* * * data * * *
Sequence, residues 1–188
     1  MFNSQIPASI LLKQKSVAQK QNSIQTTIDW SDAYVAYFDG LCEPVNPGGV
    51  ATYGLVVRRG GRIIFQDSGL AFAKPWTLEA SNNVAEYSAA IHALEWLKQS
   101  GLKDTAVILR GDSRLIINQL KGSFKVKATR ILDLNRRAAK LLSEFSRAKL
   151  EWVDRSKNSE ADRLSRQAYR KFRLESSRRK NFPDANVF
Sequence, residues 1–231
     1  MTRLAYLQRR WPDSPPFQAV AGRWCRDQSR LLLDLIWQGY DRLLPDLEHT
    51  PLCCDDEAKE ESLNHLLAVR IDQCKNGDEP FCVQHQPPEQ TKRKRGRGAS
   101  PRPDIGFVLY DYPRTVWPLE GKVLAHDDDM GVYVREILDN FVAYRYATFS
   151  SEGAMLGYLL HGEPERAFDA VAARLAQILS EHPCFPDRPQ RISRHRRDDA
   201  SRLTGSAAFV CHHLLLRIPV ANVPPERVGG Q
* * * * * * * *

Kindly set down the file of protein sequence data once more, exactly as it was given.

Sequence, residues 1–188
     1  MFNSQIPASI LLKQKSVAQK QNSIQTTIDW SDAYVAYFDG LCEPVNPGGV
    51  ATYGLVVRRG GRIIFQDSGL AFAKPWTLEA SNNVAEYSAA IHALEWLKQS
   101  GLKDTAVILR GDSRLIINQL KGSFKVKATR ILDLNRRAAK LLSEFSRAKL
   151  EWVDRSKNSE ADRLSRQAYR KFRLESSRRK NFPDANVF
Sequence, residues 1–231
     1  MTRLAYLQRR WPDSPPFQAV AGRWCRDQSR LLLDLIWQGY DRLLPDLEHT
    51  PLCCDDEAKE ESLNHLLAVR IDQCKNGDEP FCVQHQPPEQ TKRKRGRGAS
   101  PRPDIGFVLY DYPRTVWPLE GKVLAHDDDM GVYVREILDN FVAYRYATFS
   151  SEGAMLGYLL HGEPERAFDA VAARLAQILS EHPCFPDRPQ RISRHRRDDA
   201  SRLTGSAAFV CHHLLLRIPV ANVPPERVGG Q